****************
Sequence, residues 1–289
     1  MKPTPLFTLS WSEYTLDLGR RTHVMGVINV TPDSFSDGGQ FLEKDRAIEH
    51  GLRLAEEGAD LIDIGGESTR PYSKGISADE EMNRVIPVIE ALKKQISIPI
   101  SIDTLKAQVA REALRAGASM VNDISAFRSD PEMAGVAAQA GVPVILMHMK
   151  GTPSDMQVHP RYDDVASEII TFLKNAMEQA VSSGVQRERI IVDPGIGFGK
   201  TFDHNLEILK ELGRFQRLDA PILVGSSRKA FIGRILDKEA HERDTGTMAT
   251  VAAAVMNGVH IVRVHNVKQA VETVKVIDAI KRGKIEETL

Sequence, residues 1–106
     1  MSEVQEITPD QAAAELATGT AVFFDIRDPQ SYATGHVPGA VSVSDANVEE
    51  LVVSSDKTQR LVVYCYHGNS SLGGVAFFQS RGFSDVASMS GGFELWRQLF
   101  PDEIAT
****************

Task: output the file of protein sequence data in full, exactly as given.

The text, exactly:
Sequence, residues 1–289
     1  MKPTPLFTLS WSEYTLDLGR RTHVMGVINV TPDSFSDGGQ FLEKDRAIEH
    51  GLRLAEEGAD LIDIGGESTR PYSKGISADE EMNRVIPVIE ALKKQISIPI
   101  SIDTLKAQVA REALRAGASM VNDISAFRSD PEMAGVAAQA GVPVILMHMK
   151  GTPSDMQVHP RYDDVASEII TFLKNAMEQA VSSGVQRERI IVDPGIGFGK
   201  TFDHNLEILK ELGRFQRLDA PILVGSSRKA FIGRILDKEA HERDTGTMAT
   251  VAAAVMNGVH IVRVHNVKQA VETVKVIDAI KRGKIEETL

Sequence, residues 1–106
     1  MSEVQEITPD QAAAELATGT AVFFDIRDPQ SYATGHVPGA VSVSDANVEE
    51  LVVSSDKTQR LVVYCYHGNS SLGGVAFFQS RGFSDVASMS GGFELWRQLF
   101  PDEIAT